Measurement has to be one of my favorite topics to teach in math. This week students have been learning to measure to the nearest 1/4 inch, which can be challenging for students. That’s one of the reasons it’s beneficial to teach reading a ruler after your fraction unit. It’s a great tie-in to teaching fractions on a number line.I start my measurement unit with reading a ruler to the nearest one-fourth inch. My students typically come to me with a solid foundation of how to read a ruler to the nearest inch, so I’m able to hit the ground running.
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I introduced reading a ruler by having students label a large ruler with 1/4, 1/2, 3/4 increments of each inch. I like tying this lesson into reading and labeling fractions on a number line.
Then, I gave my students some very basic independent practice. This allowed me to see who needed a little extra work. One of the most common mistakes was confusing which whole number to write, so I’ve addressed that with those who need it. I made two of these worksheets, so I could use the additional copy to reassess as needed.
Once the majority of the class was ready to dive-in to some authentic linear measurement lessons, we completed two fun and engaging measurement activities. In one activity, students measured the lengths of different objects around the classroom. They found the length of a book, scissors, glue bottle, and glue stick. They also measured the length and width of a piece of notebook paper. I tried to choose common objects that would be easily accessible, as well as objects that would not be too difficult to measure. Some students tried to round all of their measurements to the nearest inch, rather than the nearest one-fourth inch, so we had to work on that a little.
We also completed a measurement scavenger hunt by finding items with a given linear measurement. I’ve done something like this in the past, but this had a little twist, because of the measurements with 1/2, 1/4, and 3/4 inches. This was by far my students’ favorite activity.
To help students develop a better understanding of inches and centimeters, they completed an activity where they measured the same objects in both inches and centimeters to compare the measurement units.
Students also completed a units of measurement sort. While this may seem common sense to us, it’s often quite challenging to students!
Measurement Treasure Hunt
Who doesn’t love a good treasure hunt!?! In this measurement activity, students use a treasure map and measurement directions to find the location of a buried treasure. It is really so much fun! One of these days, I’m going to find a way to convert the measurements from centimeters to feet or yards and take this activity outdoors.
Another fun way to get students outdoors is with this paper airplane activity. Have students design paper airplanes and let them fly the airplanes outdoors. After each flight, students should use a different measurement tool to determine how far their airplane flew.
Never underestimate the power of a broken ruler. This requires students to apply all that they know about reading a ruler to find the correct measurement. Students often think that it’s an impossible task, so you may need to provide explicit modeling.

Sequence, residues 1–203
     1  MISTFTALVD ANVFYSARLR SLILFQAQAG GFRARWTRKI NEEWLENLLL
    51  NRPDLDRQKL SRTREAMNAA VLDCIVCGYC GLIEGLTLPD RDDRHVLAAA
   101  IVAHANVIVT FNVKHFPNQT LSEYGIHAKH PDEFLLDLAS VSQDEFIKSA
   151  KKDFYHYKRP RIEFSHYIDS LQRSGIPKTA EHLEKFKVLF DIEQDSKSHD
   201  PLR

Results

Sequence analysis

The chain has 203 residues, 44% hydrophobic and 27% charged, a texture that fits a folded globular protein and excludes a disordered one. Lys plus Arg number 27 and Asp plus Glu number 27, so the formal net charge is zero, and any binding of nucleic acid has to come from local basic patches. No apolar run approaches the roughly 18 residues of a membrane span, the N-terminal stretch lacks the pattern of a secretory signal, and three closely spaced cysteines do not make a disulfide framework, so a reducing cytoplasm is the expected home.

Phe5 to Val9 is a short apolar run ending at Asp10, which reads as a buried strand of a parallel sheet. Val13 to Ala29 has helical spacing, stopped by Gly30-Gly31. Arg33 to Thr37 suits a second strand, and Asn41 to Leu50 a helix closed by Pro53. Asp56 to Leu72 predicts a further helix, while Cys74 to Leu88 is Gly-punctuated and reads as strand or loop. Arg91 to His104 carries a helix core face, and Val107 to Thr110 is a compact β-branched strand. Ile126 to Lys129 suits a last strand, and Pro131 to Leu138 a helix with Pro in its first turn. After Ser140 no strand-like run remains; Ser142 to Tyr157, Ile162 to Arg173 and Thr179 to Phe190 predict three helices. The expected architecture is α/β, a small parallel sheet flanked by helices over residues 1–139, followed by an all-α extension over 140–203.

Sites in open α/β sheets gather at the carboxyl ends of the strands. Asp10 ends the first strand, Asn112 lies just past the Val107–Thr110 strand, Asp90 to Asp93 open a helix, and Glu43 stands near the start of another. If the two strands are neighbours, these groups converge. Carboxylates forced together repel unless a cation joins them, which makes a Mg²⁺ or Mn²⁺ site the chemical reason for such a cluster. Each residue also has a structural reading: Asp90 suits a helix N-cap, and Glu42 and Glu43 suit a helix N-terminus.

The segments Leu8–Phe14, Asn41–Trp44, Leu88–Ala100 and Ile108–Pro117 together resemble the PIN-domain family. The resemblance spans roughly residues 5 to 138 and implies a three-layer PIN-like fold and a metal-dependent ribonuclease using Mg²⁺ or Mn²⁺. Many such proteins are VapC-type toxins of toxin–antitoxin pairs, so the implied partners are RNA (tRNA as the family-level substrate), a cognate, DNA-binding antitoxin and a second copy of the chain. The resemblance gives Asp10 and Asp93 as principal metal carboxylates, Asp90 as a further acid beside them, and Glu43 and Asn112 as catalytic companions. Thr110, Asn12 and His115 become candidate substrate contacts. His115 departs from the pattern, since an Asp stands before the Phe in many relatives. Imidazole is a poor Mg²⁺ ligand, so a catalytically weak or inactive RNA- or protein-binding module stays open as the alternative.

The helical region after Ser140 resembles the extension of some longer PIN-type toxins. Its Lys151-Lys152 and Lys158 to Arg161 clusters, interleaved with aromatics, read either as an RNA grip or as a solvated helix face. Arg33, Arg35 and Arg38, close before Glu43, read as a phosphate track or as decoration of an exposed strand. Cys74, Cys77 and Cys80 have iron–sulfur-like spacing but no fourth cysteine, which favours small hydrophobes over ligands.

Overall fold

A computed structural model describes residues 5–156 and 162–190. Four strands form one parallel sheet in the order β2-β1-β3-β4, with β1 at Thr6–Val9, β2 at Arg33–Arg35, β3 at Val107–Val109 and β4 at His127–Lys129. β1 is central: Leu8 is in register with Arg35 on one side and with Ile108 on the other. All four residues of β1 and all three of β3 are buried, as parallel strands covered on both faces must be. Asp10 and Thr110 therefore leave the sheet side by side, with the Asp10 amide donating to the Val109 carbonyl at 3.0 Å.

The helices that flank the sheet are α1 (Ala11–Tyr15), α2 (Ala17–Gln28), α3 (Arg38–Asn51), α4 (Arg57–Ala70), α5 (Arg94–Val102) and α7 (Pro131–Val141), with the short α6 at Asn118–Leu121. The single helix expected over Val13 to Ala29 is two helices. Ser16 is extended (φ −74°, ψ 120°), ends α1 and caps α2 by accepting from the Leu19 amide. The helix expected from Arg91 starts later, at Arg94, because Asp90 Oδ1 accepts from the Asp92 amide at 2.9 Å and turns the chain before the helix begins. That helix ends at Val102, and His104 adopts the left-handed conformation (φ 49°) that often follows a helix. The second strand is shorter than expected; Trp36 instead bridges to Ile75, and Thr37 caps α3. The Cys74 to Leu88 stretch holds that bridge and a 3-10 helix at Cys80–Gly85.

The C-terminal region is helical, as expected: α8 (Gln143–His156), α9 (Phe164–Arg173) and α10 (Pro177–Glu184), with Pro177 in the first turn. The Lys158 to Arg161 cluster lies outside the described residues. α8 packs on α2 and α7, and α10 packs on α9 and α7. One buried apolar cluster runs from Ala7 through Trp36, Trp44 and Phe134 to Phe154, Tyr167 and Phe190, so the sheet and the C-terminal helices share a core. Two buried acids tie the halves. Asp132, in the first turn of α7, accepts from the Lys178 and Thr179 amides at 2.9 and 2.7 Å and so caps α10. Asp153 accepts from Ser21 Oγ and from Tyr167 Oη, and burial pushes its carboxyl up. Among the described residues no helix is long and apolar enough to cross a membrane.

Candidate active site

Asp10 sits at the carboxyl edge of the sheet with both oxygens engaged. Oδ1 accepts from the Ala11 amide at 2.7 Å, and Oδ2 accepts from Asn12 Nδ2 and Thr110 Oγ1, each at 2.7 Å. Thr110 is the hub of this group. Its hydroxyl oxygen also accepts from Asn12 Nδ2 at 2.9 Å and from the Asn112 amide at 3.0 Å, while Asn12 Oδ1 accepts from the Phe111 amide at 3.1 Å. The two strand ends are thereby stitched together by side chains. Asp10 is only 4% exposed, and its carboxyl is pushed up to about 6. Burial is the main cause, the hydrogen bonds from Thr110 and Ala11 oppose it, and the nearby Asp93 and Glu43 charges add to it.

Today, students created a line plot by measuring ten pencils to the nearest 1/4 inch (I can’t believe I forgot to take a picture). They recorded the length of each pencils in the table on the top of their page. Then, students used that information to create a line plot to show the lengths of the pencils. At the bottom of the page, students asked two questions that could be answered by using the line plot. Ex: How many pencils were longer than five inches?
After students have guided practice working with line plots, I like to let them create their own line plot. The only requirement is that they must be able to measure the topic of the line plot to the nearest one-fourth inch.
Another one of my favorite measurement activities is Measurement art project.
To prepare, I precut a large variety of rectangles in different sizes and colors. I’ve learned to make all rectangles of a particular color the same size-this makes grading so much easier! I like to use about 8 or 9 different colors and try to have a good variety of sizes of rectangles. Since it is important for my students to be able to measure to the nearest 1/4 inch, I cut several rectangles with 1/4, 1/2, and 3/4 in their lengths, but to modify this activity all of the rectangles could be a whole number in length.
In this task students create a person, animal, or any object using the precut rectangles. Students create their design and then find the measurement of each rectangle they used for their Measurement Man. Another modification to the task is to have students measure the length in two different units of measure to see the comparison. My students had so much fun with this lesson, and I wanted to share some of their creations.
What a pretty face!
My students had so much fun with this task! Learning is so much more authentic when students are active and participating in meaningful tasks.
Measurement Task Cards
I also have students use my Measurement Task Cards for a little extra practice in our measurement centers.